" Unfaithfully Yours." (New Gallery and Tivoli.)--" Le Visiteur." (Studio One.)—" Blood on my Hands." (Gaumont and Marble Arch Pavilion.)
MR. PRESTON STURGES has written, produced and directed a picture containing as many diverse elements as the curate's egg. Unfaithfully Yours is, in bits, extremely funny, and in other bits extremely tedious. Its central, almost its only, character is an English conductor, played by Mr. Rex Harrison, who is married to an American wife, Miss Linda Darnell, about whose fidelity he has doubts ; and it is while conducting his symphony orchestra that he has visions as to how best to deal with the situation. During Rossini he cuts her throat, during Tannhauser he forgives her and writes her a large cheque, and in Tchaikovsky's Francesca da Rimini he shoots himself. These visionary plots are a bit of a bore, but when, after the concert, he essays to put them into practice, cuts himself to the bone on the razor and fails completely to locate either ink or bullets, the film becomes immensely entertaining. Mr. Harrison is very much him- self, crisp, witty and talkative ; and it is only on the rostrum, para- doxically enough, that he strikes a false note. For somebody who has not, presumably, had many opportunities for conducting a full orchestra or even, for that matter, a half-full one, he doet very well ; but I have never realised before how great a part a conductor's back and shoulders play in the proceedings. Mr. Harrison is forceful, indeed violent, but only with his arms, so that he resembles an angry crab protecting its young, rather than a musician. This is, however, of small importance. Miss Darnell is lovely to look at, there are some pleasing if somewhat obvious touches of comedy to enliven the dull patches, and the final sequences can be recommended un- reservedly. By the way, it seems a pity that Mr. Rudy Vallee should have become permanently cast in the mould of a bore. Not so long ago he crooned well enough to melt a heart of stone, and maidens swooned to hear him. I was one of them. Now I come to think of it it was a very long time ago.
* *. * * M. Pierre Fresnay, around whose head there has been garlanded a whole grove of laurels for his Monsieur Vincent, can now be seen in a film called Le Visiteur, and it must be feared that no fresh wreaths can be awarded him on this occasion. As a murderer who seeks sanctuary in the orphanage where he grew up, he is good but lacks inspiration, which is surprising as this half-dramatic half- sentimental picture gives him ample scope. Nevertheless, he is over- shadowed by Balpetre as the elderly headmaster who, throughout the years, has weaved to such good effect a romance round the unworthy person of his ex-pupil that the orphan boys consider him to be all the things he is not—a benefactor, a famous lawyer and a hero. Balpetre gives a most sensitive performance, and encircling him are a number of little boys with equally sensitive faces which are made more so by being rather grubby and crowned with very long hair. This gives them an exceptionally motherless air, and it is certain that any feminine element in the audience will be distracted from the main plot by a desire to take the orphanage in hand, starting with soap and scissors.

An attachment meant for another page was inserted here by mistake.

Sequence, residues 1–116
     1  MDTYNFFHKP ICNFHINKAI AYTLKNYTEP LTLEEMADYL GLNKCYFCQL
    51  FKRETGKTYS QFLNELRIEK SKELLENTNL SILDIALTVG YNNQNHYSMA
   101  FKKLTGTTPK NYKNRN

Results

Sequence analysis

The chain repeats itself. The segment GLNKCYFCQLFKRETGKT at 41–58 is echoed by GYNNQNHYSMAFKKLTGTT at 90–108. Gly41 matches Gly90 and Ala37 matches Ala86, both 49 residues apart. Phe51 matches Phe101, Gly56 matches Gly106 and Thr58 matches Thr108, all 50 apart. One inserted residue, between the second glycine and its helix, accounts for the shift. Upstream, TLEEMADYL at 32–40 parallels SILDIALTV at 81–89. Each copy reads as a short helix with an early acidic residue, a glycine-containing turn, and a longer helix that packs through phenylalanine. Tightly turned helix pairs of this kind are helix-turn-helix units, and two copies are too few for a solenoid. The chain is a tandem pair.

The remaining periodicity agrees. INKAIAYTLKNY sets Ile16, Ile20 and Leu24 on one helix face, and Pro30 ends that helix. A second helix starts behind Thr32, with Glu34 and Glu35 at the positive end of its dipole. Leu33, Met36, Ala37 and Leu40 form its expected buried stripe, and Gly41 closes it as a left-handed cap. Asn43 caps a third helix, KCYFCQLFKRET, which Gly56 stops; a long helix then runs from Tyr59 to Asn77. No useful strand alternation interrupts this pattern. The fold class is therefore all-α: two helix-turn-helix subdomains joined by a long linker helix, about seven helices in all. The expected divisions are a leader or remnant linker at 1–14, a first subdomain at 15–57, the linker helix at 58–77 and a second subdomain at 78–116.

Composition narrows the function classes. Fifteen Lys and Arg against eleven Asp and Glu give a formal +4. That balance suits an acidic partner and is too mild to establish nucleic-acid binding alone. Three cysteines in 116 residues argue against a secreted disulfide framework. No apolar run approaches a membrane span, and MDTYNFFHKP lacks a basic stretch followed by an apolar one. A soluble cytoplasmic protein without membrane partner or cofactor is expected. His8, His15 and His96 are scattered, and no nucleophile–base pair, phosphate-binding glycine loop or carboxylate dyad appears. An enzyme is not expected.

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Blood on My Hands is a medium good film of the sordid class ; dark alleys and slippery rain, violence and blackmail, love raising its enobling head among the garbage tins and virtue triumphing in the end. Mr. Burt Lancaster plays the part of the ex-P.O.W. whose fits of temper lead him to knock people over on to inconveniently placed and lethally inclined objects, and Miss Joan Fontaine is the girl who loves him ; why I do not know, but then love is a very mysterious thing. As the cheerful Cockney blackmailer, Mr. Robert Newton gives an excellent performance, and Mr. Norman Foster has directed the picture with a loving eye for detail, training his camera as much on, as it were, the atmosphere as on the main characters. Nevertheless, though one can admire one cannot mind, and no spark flies out to fire the imagination.